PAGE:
Until recently, I thought that all tortillas were made with corn flour. Only while looking for flat breads to make for the Blogging Marathon did I find out that in certain parts of Spain they make flour tortillas using All purpose flour. I have made mine with equal parts of all purpose flour and whole wheat flour. The authentic tortilla uses lard or shortening, which I have skipped and used a teaspoon of oil instead.

What you need:

 For the tortilla :
All purpose flour - 1 cup
Whole wheat flour - 1 cup
Salt - to taste
Oil - 1 tsp
Warm water - as needed

In a large mixing bowl, take the flours and salt. Add water, a little at a time, and knead into a pliable, smooth dough. Mix in the oil and knead. Cover and set aside for an hour.

To make tortillas :
Pinch out golf ball sized balls of dough and roll into a circle. Cook on a hot griddle until the bottom starts to brown. Turn over and cook until the tortilla puffs up a little and the other side also gets brown flecks. Store in a tortilla warmer or wrapped in a clean kitchen towel.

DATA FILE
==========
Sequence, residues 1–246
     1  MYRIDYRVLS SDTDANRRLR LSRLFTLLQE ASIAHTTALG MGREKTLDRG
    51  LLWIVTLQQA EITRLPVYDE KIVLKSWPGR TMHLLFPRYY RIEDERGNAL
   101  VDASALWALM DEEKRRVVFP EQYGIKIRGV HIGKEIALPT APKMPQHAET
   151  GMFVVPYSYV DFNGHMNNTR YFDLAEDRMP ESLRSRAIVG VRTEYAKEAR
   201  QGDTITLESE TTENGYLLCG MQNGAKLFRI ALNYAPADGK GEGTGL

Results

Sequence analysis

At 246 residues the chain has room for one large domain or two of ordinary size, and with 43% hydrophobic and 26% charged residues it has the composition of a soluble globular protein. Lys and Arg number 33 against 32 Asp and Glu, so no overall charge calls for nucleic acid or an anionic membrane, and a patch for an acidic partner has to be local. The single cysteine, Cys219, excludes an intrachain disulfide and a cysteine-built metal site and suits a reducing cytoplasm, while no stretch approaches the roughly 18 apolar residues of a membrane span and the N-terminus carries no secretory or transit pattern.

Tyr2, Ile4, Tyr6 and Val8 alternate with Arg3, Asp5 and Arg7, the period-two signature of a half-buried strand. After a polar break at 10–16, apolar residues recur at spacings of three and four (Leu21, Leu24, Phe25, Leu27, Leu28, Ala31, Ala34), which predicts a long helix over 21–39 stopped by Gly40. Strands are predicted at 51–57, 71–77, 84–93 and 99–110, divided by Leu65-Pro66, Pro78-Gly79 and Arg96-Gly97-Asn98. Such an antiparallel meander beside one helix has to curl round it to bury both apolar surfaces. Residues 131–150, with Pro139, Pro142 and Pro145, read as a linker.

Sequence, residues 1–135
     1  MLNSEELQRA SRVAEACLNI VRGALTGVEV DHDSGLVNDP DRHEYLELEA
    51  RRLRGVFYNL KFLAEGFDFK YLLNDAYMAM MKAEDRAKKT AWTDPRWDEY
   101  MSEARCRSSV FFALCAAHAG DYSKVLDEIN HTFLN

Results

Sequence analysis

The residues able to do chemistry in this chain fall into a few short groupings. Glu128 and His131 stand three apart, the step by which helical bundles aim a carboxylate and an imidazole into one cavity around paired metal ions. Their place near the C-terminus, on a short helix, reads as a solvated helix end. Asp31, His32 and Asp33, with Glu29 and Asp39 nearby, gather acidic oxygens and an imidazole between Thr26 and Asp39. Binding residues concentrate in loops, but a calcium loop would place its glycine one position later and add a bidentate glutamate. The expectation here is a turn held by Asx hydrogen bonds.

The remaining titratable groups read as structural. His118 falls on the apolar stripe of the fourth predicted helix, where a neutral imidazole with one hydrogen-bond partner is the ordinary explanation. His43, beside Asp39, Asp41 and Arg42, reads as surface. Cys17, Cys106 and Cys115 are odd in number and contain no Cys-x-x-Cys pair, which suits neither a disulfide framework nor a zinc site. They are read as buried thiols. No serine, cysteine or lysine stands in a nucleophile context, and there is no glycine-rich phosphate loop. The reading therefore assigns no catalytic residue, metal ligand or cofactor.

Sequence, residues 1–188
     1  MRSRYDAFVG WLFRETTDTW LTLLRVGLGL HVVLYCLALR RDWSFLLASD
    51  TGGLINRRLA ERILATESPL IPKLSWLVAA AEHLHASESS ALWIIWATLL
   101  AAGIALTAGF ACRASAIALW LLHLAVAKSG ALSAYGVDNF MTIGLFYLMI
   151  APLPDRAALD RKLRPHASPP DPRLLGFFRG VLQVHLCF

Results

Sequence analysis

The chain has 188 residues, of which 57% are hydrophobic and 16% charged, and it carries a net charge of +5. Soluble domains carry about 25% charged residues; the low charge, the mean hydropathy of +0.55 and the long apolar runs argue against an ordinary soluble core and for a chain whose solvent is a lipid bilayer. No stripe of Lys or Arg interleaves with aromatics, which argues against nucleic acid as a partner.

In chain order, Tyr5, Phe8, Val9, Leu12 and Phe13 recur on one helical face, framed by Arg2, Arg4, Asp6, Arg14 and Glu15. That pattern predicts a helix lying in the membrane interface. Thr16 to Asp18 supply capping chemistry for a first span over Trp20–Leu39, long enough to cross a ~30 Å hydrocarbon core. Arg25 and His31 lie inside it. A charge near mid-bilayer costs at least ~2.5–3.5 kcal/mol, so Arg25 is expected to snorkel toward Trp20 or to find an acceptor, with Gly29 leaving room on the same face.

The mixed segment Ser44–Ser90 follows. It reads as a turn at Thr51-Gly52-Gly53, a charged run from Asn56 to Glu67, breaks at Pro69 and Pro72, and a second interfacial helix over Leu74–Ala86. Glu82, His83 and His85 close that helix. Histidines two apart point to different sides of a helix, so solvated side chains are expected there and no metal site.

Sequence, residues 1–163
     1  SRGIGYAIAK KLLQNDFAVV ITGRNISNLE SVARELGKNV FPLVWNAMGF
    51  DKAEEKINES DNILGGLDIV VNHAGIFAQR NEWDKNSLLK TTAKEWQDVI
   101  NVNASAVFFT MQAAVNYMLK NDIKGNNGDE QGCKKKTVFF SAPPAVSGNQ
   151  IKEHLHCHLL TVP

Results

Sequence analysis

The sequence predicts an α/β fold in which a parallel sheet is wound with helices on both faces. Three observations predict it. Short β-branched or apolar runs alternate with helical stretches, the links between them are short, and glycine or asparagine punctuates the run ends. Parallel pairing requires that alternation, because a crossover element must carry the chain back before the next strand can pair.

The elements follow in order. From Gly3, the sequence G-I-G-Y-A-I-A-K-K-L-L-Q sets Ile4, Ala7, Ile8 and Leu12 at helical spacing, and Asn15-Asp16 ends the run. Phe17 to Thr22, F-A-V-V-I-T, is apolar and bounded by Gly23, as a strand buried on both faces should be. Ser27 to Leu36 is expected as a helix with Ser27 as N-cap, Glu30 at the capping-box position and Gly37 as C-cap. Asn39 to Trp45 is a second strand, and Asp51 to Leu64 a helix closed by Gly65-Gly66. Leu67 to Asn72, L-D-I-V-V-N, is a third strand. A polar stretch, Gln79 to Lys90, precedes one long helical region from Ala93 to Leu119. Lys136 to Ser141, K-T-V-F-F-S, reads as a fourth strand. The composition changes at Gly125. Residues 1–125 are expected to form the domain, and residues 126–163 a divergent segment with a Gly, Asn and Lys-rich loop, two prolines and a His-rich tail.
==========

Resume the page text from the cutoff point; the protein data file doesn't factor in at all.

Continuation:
For the vegetable mix :
Mixed diced vegetables - 1 cup (I used green bell pepper, yellow and orange sweet peppers, carrot, beans, peas and corn)
Onion - a small one, diced
Garlic - 2 cloves, minced
Butter or oil - 1 tbsp
Salt
Lemon juice (optional)

Heat butter or oil in a sauce pan. Add the garlic and onion. Saute over high heat until slightly browned. Add in the rest of the vegetables and salt to taste. Stir well over high heat for a minute or two. Transfer to an oven safe dish. Grill at 450 degree Fahrenheit for 15-20 minutes or until the vegetables look slightly charred and develop a smoky flavor. Squeeze some lemon juice over this if desired and set aside.

For the fajita :
Tortillas
Vegetable mix
Salsa
Sour cream

To assemble the fajita :
 Heap some of the mixed vegetables onto a tortilla. Spread a generous helping of sour cream and salsa over it. Roll up and enjoy!

Check out the Blogging Marathon page for the other Blogging Marathoners doing this BM



Tuesday, March 03, 2015

Focaccia Caprese

We are already three months into this new year. Yet, this is my first post of the year. Despite intentions to the contrary, the blog has ended up being neglected. As always, the Blogging Marathon is what I've relied on to bring some action back into the blog. This time round, I've chosen to blog on flat breads from around the world for three days. By choosing this particular bread, I am also able to tick off one of the breads from the list of breads that the We Knead to Bake group has chosen to bake.